SiStan ChapLee

Tuesday, February 16, 2016

Beware of strangers (3)

[8: 23]

Suona il corriero in arrivando il corno,
E tosto giù calar si vede un ponte;
- Qui, se latin sei tu, puoi far soggiorno
Hor che 'l sol cade, insin ch'egli sormonte,
Ché questo loco, e non è il terzo giorno,
Acquistò (dice) de' Carnuti il conte -.
Mira il loco il guerrier, che d'ogni parte
Inespugnabil fanno il sito e l'arte.

As soon as they reach their destination, the messenger plays his horn and a bridge is drawn dawn. "Here," he tells Tancred, "if you are a Latin [ = European, Christian], you can lodge now that the sun is setting, until it rises tomorrow morning. In fact, not more than three days ago the place has been conquered by the Count of Carnutes." The knight watches the castle, that both nature and technique make impregnable.

In the parallel text in Gerusalemme Liberata (7: 29) the owner of the castle was said to be "the Count of Cosenza," in southern Italy, who however was a merely fictional character. It doesn't make a great difference since, as we will find out soon, the true owner is somebody else.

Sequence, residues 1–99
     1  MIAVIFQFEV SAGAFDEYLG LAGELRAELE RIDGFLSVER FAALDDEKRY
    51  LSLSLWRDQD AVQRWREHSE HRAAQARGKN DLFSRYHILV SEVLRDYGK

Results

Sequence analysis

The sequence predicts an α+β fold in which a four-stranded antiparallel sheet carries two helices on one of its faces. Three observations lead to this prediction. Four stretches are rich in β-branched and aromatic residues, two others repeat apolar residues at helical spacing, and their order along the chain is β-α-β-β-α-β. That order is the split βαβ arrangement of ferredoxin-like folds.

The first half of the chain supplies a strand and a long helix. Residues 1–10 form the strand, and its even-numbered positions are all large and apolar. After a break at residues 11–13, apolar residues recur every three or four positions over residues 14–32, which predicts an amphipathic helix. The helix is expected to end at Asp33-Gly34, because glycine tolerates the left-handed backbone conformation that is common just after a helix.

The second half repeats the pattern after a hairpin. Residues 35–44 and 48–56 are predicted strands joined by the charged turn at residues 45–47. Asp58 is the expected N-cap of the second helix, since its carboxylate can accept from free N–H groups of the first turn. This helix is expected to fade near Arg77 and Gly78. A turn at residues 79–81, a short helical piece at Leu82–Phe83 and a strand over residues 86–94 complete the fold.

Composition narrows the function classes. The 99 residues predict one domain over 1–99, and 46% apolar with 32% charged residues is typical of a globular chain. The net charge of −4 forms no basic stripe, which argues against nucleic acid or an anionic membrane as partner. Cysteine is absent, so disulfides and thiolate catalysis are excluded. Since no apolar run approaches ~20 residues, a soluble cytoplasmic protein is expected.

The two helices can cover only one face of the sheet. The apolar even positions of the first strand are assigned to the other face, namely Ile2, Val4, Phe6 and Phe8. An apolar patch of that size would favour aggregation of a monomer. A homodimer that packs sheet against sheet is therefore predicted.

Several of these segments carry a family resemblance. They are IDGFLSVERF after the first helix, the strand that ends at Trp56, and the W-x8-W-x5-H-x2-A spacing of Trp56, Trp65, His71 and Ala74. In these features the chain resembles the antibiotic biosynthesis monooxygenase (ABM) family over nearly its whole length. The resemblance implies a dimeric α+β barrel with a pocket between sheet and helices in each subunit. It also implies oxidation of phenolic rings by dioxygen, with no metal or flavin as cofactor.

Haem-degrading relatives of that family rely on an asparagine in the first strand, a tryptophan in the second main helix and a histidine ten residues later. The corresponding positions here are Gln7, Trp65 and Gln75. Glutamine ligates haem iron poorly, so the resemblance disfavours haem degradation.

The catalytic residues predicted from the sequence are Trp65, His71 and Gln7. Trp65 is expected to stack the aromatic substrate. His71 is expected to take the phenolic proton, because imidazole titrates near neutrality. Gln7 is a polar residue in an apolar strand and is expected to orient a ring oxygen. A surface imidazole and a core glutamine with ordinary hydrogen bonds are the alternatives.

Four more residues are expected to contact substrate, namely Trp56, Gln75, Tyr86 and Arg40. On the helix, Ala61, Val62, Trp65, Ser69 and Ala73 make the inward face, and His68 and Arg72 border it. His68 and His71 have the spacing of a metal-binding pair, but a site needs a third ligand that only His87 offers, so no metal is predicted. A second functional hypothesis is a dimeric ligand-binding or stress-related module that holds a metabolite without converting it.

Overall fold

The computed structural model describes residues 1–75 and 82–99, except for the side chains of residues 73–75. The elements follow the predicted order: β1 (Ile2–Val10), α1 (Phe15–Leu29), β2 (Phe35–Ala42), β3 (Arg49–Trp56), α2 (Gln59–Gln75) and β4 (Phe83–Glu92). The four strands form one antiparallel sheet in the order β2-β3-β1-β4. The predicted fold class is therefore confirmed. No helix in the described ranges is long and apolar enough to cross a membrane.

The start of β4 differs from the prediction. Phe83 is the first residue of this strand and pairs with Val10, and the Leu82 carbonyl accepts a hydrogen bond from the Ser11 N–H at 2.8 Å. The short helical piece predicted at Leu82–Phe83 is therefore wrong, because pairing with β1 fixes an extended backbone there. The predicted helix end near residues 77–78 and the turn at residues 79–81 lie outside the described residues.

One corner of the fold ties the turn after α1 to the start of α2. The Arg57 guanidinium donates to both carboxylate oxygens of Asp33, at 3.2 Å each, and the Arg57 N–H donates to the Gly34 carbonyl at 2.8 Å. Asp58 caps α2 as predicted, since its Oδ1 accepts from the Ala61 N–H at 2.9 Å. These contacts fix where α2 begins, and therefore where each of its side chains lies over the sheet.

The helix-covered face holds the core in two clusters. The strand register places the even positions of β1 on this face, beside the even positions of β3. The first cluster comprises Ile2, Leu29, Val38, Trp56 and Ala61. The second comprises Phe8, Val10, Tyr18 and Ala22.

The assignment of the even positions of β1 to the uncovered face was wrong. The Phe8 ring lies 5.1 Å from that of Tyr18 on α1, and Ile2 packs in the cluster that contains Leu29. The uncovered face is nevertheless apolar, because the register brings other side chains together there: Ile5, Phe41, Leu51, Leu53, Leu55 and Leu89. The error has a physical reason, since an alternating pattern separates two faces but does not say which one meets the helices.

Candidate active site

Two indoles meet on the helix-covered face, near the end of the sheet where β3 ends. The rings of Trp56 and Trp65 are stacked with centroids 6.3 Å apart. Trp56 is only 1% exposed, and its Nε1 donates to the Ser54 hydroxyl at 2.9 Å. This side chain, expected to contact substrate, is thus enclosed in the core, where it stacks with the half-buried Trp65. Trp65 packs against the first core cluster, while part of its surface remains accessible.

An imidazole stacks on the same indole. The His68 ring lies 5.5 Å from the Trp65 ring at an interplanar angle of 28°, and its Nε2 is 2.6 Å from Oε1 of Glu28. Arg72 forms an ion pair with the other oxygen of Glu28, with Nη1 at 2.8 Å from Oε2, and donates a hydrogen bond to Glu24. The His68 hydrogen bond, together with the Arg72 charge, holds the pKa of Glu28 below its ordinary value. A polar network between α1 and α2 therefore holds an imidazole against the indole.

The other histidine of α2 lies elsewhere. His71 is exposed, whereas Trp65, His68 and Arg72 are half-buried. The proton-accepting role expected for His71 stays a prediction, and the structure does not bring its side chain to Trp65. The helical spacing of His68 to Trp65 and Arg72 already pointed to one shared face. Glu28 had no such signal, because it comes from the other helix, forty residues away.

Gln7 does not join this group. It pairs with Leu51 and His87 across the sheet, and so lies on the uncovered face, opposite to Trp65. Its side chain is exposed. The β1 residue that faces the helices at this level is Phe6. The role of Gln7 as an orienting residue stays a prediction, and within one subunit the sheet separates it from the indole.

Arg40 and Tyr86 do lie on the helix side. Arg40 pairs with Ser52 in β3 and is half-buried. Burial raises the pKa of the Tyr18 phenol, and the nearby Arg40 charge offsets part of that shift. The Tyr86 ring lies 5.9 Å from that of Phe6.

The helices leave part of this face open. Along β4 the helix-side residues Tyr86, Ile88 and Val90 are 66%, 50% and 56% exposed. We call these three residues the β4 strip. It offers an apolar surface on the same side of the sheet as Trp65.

The Carnutes, an ancient people of Gaul, can hardly be expected to have survived -- as a distinct people -- up to the 11th century. Tasso obviously means the Count of some territory in northern France, maybe Orléans. Readers of comic books will recall the "Forest of Carnutes" in Asterix's adventures as the place where the druids held their meetings. The hint at Carnutes in these lines might even work as an alarm bell for Tancred because druids were considered followers of black magic and servants of the devil like all heathen priests (Celtic religions would 'become' the peak of wisdom etc. not sooner than in the 19th century). Too late.